# Encryption 101

--Originally published at TC2027 – Surviving CS

What is encryption?

Encryption enhances the security of messages or files because only those who have the right key can open the message and read it. This type of security dates back a long time from Julius Caesar to the Nazis, the need to hide or protect our information to stop people other than its intended recipient from reading it.

So to start encrypting a message you need a key to start an encryption and also you need a key to decrypt the message. If someone is listening and hijacks the message  he/she can’t read it because they don’t have the proper keys to unlock the message.

There are two methods to encrypt data:

• Symmetrical encryption – In this type of encryption both the sender and the receiver need to have the same key in order to make an encryption or decryption.

• Asymmetrical encryption – In this type of encryption has two keys one public and one private, they public key is available to anyone who wants to send you a message but the private key only the receiver has it, this way only the owner of that private key can decrypt the message.

Source:

# Crypto… what?

--Originally published at Computer and Information Security

Hey reader! Welcome once again to my blog, is good to have you here. Today I will talk about cryptography. Cryptography is a method of storing and transmitting data in a particular form so that only those for whom it is intended can read and process it.

You might have an idea about cryptography, since you have watched the Davinci’s code or have seen the egypcians hieroglyphics. The word is derived from the Greek kryptos, meaning hidden. The origin of cryptography is usually dated from about 2000 BC, with the Egyptian practice of hieroglyphics. These consisted of complex pictograms, the full meaning of which was only known to an elite few. The first known use of a modern cipher was by Julius Caesar (100 BC to 44 BC), who did not trust his messengers when communicating with his governors and officers. For this reason, he created a system in which each character in his messages was replaced by a character three positions ahead of it in the Roman alphabet.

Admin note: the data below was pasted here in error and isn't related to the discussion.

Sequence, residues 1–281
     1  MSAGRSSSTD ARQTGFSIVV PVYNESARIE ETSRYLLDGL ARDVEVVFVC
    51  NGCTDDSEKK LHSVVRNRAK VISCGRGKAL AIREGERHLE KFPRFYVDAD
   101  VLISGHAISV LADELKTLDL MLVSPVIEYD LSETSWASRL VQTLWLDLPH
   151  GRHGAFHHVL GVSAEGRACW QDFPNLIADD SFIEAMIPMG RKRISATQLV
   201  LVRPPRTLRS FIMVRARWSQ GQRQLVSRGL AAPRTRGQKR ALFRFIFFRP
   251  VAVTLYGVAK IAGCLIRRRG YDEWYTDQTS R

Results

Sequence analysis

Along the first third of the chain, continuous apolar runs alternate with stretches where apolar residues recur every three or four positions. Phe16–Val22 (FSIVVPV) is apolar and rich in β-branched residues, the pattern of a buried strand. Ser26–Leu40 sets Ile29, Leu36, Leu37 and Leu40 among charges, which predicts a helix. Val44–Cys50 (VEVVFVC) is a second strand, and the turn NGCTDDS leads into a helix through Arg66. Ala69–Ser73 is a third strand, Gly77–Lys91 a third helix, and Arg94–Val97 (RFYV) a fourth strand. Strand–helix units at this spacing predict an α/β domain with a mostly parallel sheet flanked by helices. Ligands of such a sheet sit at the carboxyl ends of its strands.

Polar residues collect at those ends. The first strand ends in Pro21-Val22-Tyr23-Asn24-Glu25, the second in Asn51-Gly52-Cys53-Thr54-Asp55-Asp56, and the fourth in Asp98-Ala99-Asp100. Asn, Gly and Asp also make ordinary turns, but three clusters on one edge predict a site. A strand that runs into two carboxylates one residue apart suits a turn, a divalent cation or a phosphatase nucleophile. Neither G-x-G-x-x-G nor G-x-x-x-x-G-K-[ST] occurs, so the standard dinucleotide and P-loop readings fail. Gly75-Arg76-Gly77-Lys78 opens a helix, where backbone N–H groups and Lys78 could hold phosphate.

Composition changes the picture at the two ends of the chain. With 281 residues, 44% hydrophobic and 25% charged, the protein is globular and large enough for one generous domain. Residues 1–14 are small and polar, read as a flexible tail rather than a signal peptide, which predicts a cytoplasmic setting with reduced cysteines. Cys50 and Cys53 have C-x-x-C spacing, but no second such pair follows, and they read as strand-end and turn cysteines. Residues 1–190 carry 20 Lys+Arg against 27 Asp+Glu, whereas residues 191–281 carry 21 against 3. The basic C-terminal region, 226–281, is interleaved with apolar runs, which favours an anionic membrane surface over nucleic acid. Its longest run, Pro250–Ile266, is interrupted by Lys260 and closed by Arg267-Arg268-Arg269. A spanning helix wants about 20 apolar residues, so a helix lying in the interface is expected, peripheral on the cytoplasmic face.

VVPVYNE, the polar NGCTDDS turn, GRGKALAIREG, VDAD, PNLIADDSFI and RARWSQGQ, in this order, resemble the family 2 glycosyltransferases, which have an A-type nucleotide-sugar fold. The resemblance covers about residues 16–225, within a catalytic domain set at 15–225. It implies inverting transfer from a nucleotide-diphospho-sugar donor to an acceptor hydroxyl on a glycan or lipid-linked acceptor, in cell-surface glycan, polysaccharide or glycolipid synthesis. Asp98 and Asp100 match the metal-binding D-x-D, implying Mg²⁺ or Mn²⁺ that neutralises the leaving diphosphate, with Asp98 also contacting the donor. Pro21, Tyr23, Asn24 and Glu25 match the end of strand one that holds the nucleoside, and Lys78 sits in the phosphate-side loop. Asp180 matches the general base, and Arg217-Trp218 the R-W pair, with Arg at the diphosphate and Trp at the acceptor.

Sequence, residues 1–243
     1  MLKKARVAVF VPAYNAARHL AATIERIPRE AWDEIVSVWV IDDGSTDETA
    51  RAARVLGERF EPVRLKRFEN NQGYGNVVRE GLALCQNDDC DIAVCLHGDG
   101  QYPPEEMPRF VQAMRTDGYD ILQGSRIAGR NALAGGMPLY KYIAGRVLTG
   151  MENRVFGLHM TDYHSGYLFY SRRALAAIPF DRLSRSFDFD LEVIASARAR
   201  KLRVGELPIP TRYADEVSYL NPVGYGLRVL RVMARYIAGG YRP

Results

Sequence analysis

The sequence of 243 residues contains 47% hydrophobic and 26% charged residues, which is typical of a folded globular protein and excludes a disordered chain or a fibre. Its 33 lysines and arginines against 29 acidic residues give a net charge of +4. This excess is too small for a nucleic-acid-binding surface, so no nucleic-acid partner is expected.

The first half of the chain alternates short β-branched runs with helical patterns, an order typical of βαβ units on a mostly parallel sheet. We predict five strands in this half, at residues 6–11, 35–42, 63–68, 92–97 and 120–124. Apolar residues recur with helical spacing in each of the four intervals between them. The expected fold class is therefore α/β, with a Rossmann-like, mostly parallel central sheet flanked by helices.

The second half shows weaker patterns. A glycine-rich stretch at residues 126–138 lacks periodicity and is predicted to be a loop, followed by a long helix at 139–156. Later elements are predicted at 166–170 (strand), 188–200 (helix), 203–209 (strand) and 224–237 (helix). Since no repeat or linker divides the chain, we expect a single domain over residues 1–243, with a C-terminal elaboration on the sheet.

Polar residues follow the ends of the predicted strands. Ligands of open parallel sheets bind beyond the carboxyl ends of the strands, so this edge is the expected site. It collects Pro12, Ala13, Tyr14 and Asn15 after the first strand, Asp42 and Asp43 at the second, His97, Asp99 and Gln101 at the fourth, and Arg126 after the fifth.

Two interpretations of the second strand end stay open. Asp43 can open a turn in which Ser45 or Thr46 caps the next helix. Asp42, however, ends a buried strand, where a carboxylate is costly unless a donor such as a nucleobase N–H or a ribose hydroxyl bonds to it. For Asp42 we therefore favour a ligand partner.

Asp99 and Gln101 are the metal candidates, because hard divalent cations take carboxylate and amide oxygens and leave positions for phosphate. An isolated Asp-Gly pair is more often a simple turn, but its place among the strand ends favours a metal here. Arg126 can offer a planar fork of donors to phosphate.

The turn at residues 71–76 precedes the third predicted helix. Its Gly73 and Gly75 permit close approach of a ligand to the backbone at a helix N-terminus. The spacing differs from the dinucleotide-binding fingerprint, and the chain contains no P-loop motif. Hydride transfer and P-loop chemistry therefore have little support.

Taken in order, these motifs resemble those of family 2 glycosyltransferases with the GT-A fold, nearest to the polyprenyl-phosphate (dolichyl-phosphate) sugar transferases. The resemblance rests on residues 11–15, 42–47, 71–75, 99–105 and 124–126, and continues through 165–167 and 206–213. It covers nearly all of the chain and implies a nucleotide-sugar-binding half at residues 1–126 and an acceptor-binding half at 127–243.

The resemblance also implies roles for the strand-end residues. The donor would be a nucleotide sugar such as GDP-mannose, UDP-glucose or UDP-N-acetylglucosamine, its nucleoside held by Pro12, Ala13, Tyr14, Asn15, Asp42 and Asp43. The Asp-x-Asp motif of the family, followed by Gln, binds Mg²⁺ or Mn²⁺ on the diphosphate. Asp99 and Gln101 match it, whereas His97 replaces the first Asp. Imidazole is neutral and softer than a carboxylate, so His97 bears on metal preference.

But let’s explain this in computing science terms. The meaning and functionality is the same, it consists of hidding or cover a message so that only the reader with a valid key can descypher the message and read it, the computing science stuff gets involved in the process of how the message is encrypted and how to generate a key to share it with someone.

Modern cryptography concerns itself with the following four objectives:

1. Confidentiality: The information cannot be understood by anyone for whom it was unintended.
2. Integrity: The information cannot be altered in storage or transit between sender and intended receiver without the alteration being detected.
3. Non-repudiation The creator/sender of the information cannot deny at a later stage his or her intentions in the creation or transmission of the information.
4. Authentication: The

# Plausible Deniability in Cryptography

--Originally published at Tobi`s Blog

Let’s start with a little metaphor. Over the weekend we rented a big ass familyvan to drive into the mountains over the weekend. Stupid decisions brought us to a steep muddy path, where we messed around a lot and finally got stuck. Obviously…